To prepare the hand towel for crocheting, follow these steps: Step 1: Fold the outside edges of the tea towel to the back so that the two sides meet in the centre. Step 2: Cut about an arm’s length of yarn. Tie a knot at one end and then thread the yarn needle. Step 3: Pull the needle through the left fold of the tea towel from the back side—this will hide your knot. Step 4: Now stitch across the top of the towel. Pull the needle through the layers, back to front, insert the needle into the loop you’ve created and pull taut. Continue stitching across the towel to the right fold. There is no correct number of stitches. I used 25 in my design, but more importantly, the stitches should be evenly spaced. Step 6: When the end of the towel is reached, tie on your ball of yarn to the piece of yarn you’ve been working with.
Now you’re ready to start crocheting: Rnd 1: Single crochet (sc) across towel, turn. (For tips on how to complete a single crochet, click
here.) Rnd 2: sc across, turn. Rnd 3: sc across, turn. Rnd 4: Crochet 2 sc, then do a single crochet decrease (dec)—this reduces two stitches to one. (To learn how to do a single crochet decrease, click
here.) Repeat sc, sc, dec, until you reach the end of the row. Turn. Rnd 5: sc across, turn. Rnd 6: sc, sc, dec, to the end of the row, turn. Rnd 7: sc across, turn. Rnd 8-12: Once you reach your desired thickness of the front flap (6 or 7 stitches across), continue to do 5 rnds of sc. Rnd 13 (Part 1): To create the buttonhole, crochet three sc, turn. Rnd 14-16 (Part 1): Crochet 3 sc on top of previous row, turning after each rnd. Tie off yarn when finished. Rnd 13 (Part 2): Reattach yarn on the other end of rnd 12, opposite the sc from rnds 13-16. Crochet 3 sc, turn. Rnd 14-16 (Part 2): Continue to crochet 3 sc on top of previous row, turning after each rnd. Rnd 17: sc all the way across, attaching the two sides in the middle with a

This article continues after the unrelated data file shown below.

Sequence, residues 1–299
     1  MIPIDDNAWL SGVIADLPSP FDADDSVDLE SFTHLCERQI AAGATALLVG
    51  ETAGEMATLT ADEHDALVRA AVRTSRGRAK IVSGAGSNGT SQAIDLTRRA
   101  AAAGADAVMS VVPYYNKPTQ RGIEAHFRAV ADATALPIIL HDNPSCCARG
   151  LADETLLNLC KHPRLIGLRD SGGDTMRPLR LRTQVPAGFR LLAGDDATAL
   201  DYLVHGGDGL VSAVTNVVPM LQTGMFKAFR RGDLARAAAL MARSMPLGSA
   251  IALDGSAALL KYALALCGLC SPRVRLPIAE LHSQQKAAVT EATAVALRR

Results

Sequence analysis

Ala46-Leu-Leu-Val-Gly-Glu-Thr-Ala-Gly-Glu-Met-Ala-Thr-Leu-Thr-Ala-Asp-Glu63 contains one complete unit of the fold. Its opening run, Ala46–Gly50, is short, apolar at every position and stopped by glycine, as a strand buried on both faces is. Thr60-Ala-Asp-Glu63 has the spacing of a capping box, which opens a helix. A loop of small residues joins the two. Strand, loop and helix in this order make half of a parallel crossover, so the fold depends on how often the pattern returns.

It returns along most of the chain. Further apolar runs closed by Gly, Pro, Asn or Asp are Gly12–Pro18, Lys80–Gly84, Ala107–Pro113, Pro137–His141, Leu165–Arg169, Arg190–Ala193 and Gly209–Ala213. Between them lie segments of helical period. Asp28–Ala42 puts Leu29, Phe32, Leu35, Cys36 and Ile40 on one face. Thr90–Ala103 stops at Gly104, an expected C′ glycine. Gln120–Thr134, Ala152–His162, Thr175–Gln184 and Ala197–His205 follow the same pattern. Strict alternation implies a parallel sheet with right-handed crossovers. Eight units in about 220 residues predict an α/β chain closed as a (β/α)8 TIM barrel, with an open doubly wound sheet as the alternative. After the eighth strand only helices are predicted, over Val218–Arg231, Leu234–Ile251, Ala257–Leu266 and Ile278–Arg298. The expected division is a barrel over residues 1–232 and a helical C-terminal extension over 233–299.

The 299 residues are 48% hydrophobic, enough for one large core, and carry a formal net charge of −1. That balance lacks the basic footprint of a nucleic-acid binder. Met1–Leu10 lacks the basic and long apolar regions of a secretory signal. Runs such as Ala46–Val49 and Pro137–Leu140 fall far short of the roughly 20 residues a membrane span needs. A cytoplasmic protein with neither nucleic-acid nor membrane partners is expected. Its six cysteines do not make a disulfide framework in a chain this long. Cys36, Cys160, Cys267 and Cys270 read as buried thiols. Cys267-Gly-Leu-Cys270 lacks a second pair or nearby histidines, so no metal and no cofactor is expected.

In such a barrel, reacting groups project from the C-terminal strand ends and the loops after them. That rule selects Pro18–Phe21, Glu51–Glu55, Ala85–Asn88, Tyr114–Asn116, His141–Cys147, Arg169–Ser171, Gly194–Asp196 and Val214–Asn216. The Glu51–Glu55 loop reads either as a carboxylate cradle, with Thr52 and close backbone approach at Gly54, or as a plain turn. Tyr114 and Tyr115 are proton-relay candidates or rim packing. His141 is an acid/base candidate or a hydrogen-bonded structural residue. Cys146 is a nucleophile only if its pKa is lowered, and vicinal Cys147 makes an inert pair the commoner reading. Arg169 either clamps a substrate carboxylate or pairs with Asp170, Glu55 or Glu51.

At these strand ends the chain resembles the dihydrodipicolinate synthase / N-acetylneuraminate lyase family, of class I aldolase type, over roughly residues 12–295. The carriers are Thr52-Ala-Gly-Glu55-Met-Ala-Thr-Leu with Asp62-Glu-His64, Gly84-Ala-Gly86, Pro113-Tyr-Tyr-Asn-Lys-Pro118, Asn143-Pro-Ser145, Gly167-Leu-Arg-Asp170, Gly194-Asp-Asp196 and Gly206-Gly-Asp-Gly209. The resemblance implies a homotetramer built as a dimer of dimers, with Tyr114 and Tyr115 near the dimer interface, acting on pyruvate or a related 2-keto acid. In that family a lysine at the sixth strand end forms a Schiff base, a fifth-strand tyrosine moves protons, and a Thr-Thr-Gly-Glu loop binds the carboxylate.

slip stitch (ss) to finish the buttonhole. Test to ensure the button fits. Rnd 18-19: Crochet two rnds of sc, turning after each row. Rnd 20: sc across and tie off at the end.
Using the yarn needle, attach the button where it looks best. (I placed mine between the third and fourth round.) Also make sure the strap is big enough to loop around the handle of your oven door.
While we don't need a holiday to enjoy our favourite Chinese-inspired dishes, we can't wait to join in the celebrations with these delicious recipes.
The Year of the Rooster begins on Saturday, January 28, and lasts until February 15, 2018. This holiday is also called the Lunar New Year, and is celebrated not only in China, but across Asia and around the world in countries like Canada, where Chinese Canadians number more than a million — one of the most common ethnic origins in our multicultural mix.
There are a number of traditional dishes served during the celebration that are meant to be auspicious. Noodle dishes are especially important, as long noodles are a symbol of longevity. Dishes that cook a whole animal (such as a fish) signify the beginning and ending of the year, and the head and tail are usually displayed intact on the serving dish. Dumplings can signify prosperity, and oranges, representing luck and wealth, are a great way to round out a meal.
Here are some of our favourite traditional and reinvented recipes that we'll be cooking up this year to join in the festivities. Gung Hei Fat Choi!
Traditionally served during the holidays and Chinese New Year, these crumbly melt-in-your-mouth cookies have three layers of almond flavour. Ground almonds add a hint of crunch, almond extract lends a sweet aroma and whole almonds make for a pretty garnish.
This Chinese classic gets a wholesome makeover by replacing the meat with loads of fresh vegetables. Korean hot pepper paste isn't traditionally found in ma po tofu, but it adds a nice kick. Look for it in the Asian section of your grocery store, or substitute with one teaspoon of sriracha.
“This is my take on a wintertime favourite that's served in my childhood home,” says Food specialist Irene Fong. “My dad loves this braised beef with noodles, but it's just as good served over rice.” We've used brisket here because it's unbelievably tender when braised.
The thick meat sauce on these noodles is a bit like an Asian-style Bolognese. The cooked noodles tend to stick together if they stand for a while, so mix the sauce into them and eat right away for the best texture. For a twist, serve the sauce over rice with a side of steamed bok choy.